human scaled Paley sofa by Billy Baldwin (and still manufactured here.)

 

to this monstrosity?

 

gross pit sectional

I guess you’re supposed to crawl into it? Really? Mrs. Pyne too? I don’t think that ladies of her breeding crawl. She will require air-lifting in order to recline.

 

What the hell happened?

 

Here’s what I think.

 

As a society we’ve been long overly bloated, overly-consumptive…Right?

 

For example

1960s ford mustang

1960’s Ford Mustang

IMG_1496

2016 Ford Excursion (driven by a family of three)

mcdonalds 15 cent hamburger

1950’s 15 cent (!) hamburger

too digusting super big mac for words

2016 heart attack on a plate

(sorry, I realize that this is beyond disgusting)

1950s thin family

1960’s slim family (raise your hand if Dad wore a tie to dinner) – Remember when we could eat all the carbs we wanted and didn’t put on an ounce? hmmmm… hmmmm…

fat family

 

2016 family who’s always on a “diet.”

 

gross overscale leather tufted-sofa

 

Honey, does this sofa make me look fat?

 

Is bigger really better?

 

cape-cod house at twilight

gross mcmansion monstrosity

Scale? I think the architect (if there was one) must’ve been a fan of the movie Alien judging from the chimney. No?

Oh gawd.

 

NO, I will not calm down.

<

I am on a mission.

<

And that mission is to try to further the cause of HUMAN-SCALE LIVING ROOM FURNITURE.

 

…to be continued because there are many designers who ARE creating beautiful designs in the manner of the old masters…

xo,

Laurel-e1443573876689

 

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5th edition rolodex-post-graphic - November 2018 - A unique shopping guide with hundreds of sources created by Laurel Bern

  • Sheila - September 8, 2016 - 5:22 PM

    I can’t wait to read your next post on this topic. I wholeheartedly agree. After purging much of my oversized furniture and finally purchasing pieces that will fit in a large home or apartment, I feel like I finally have my ‘adult’ furniture that will last a lifetime, and fit any room.ReplyCancel

  • Kirsten - September 1, 2016 - 6:00 AM

    Thanks for this post, Laurel, you’ve reassured me that I am not crazy for only having a two seater (plus two armchairs plus ottoman) in my rather large Living Room. There is room for seven to sit, if two perch on the ottoman, and one uses an occasional chair (and many more could be seated by bringing in additional occasional chairs). But when I tried to put a three-seater in, it either had to go against the wall, or would seriously block the flow if placed at right angles, due to the wide, shallow shape of the room and placement of fireplace, window and doors, so I decided to go without.. The oversized trend is making its way from the US to the UK, and most UK homes don’t have the scale to cope – I don’t know how people even get these things through their doors! I’ve also noticed that sofas aren’t comfortable to use to their full capacity – four people sitting on a sofa feels weird and even three sitting on a sofa feels slightly awkward to me, so if the room can take it, I would rather have a mix multiple two-seaters and armchairs. When I lived in a truly tiny cottage,on an equally tiny budget, I found IKEA a lifesaver because they had lots of furniture which looked normal but was actually scaled down from standard sizes.ReplyCancel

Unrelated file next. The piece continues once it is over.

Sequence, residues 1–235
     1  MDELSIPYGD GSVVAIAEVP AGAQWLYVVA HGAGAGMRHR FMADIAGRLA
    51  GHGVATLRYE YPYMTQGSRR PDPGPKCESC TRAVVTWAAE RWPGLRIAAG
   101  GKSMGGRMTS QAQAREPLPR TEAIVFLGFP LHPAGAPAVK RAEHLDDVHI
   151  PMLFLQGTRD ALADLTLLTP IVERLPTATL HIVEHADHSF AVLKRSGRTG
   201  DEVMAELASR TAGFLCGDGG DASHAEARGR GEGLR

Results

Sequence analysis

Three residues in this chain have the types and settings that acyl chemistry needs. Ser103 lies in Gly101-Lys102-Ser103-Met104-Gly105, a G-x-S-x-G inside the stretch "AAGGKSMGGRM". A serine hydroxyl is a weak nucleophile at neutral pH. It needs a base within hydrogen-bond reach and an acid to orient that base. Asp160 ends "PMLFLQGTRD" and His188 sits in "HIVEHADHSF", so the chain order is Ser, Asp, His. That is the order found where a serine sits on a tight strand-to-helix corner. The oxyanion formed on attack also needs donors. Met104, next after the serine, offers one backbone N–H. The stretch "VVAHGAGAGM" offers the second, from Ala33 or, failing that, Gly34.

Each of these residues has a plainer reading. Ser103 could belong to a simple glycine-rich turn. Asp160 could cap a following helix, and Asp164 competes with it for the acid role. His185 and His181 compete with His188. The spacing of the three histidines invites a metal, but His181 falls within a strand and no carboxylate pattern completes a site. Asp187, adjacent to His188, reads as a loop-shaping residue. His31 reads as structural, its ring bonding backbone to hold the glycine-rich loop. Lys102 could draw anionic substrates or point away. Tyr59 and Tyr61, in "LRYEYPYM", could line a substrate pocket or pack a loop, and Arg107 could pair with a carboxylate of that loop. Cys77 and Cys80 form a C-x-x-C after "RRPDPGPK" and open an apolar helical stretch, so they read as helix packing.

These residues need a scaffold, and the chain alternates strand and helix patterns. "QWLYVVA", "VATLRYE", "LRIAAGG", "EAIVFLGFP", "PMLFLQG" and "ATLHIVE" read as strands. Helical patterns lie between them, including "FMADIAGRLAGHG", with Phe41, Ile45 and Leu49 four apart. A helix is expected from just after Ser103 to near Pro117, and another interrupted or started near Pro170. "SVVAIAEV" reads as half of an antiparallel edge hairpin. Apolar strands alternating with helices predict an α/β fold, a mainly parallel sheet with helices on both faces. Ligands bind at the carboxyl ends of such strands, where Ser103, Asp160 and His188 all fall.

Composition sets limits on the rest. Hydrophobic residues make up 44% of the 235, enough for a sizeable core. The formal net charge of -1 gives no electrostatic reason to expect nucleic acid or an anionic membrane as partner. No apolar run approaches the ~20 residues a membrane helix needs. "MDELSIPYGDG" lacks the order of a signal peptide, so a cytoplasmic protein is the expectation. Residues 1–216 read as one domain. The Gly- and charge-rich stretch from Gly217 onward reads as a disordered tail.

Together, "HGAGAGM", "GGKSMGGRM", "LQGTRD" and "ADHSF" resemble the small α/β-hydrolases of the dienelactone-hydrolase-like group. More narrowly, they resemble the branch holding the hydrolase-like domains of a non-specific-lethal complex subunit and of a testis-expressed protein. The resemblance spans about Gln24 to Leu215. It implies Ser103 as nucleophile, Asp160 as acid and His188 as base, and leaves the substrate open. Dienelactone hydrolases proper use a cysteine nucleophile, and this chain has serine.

• Laurel Bern - September 1, 2016 - 10:20 PM

      Hi Kirsten,

      I actually prefer what they call Apartment sized sofas. They are (inches usually about 72″-78″) so just a little smaller than the three seater. But for conversational purposes, it’s only two people on a sofa most of the time.ReplyCancel

  • Gaye - September 1, 2016 - 2:36 AM

    Laurel, I hate to be a pest, but I simply cannot get that “sofa pit” out of my mind. I think of it and laugh at the possibilities of Mrs. Pyne or lesser lights confronting that thing and trying to decide what to do with it. Surely the two middle pieces come out, right? Though there is no place visible for them to be. Do you have to take it apart? Or? I posted the blog on my Facebook page and asked this questions, and I’m afraid my respondents had begun the cocktail hour early. 🙂ReplyCancel

    • Laurel Bern - September 1, 2016 - 10:15 PM

      Hi Gaye,

      I have no idea. The entire thing is so weird to me.ReplyCancel

  • Eve - August 31, 2016 - 10:23 AM

    Bravo Laurel. I just listened to your podcast interview on Million Dollar Decorating and immediately went to your website. You are so accurate in your thoughts on what has happened to good design. Thank you for your insight!
    EveReplyCancel

  • Lauren - August 31, 2016 - 10:16 AM

    Oh Laurel,

    This was such a funny post. A few months ago I purchased two new sofas for our living room and had such a hard time finding normal size couches. I have five children so we needed two couches but I wanted something classic looking on our small budget. My two previous couches were found on Craigslist and given to us so this was our first real furniture purchase. It was so incredibly hard to find some nice. Anyway, I was surprised when I saw your link to the Paley sofa because the two I purchased are almost exactly like that except they have feet instead of the slip covered bottom and they are a lovely taupe color. White and little children don’t go very well together. 🙂 Anyway, it was so fun to read this post and I was so happy to see the lovely couch you linked. I must say that the pit couch does look like a lovely trampoline for little kids but it sure is hideous.ReplyCancel

    • Laurel Bern - August 31, 2016 - 1:35 PM

      Hi Lauren,

      That’s wonderful! Craig’s List can get a terrific source if one is patient.

      I had white furniture and I had two of the grimiest little boys ever put on this planet.

      I did train them, however, to wash their hands after eating which helped considerably.

      In our little den, I had an armless love seat that was a part of my husband’s former sectional newly reupholstered in a deep olive green linen velvet. Then, I put a long bullion fringe on the bottom. It looked brand new and I loved it!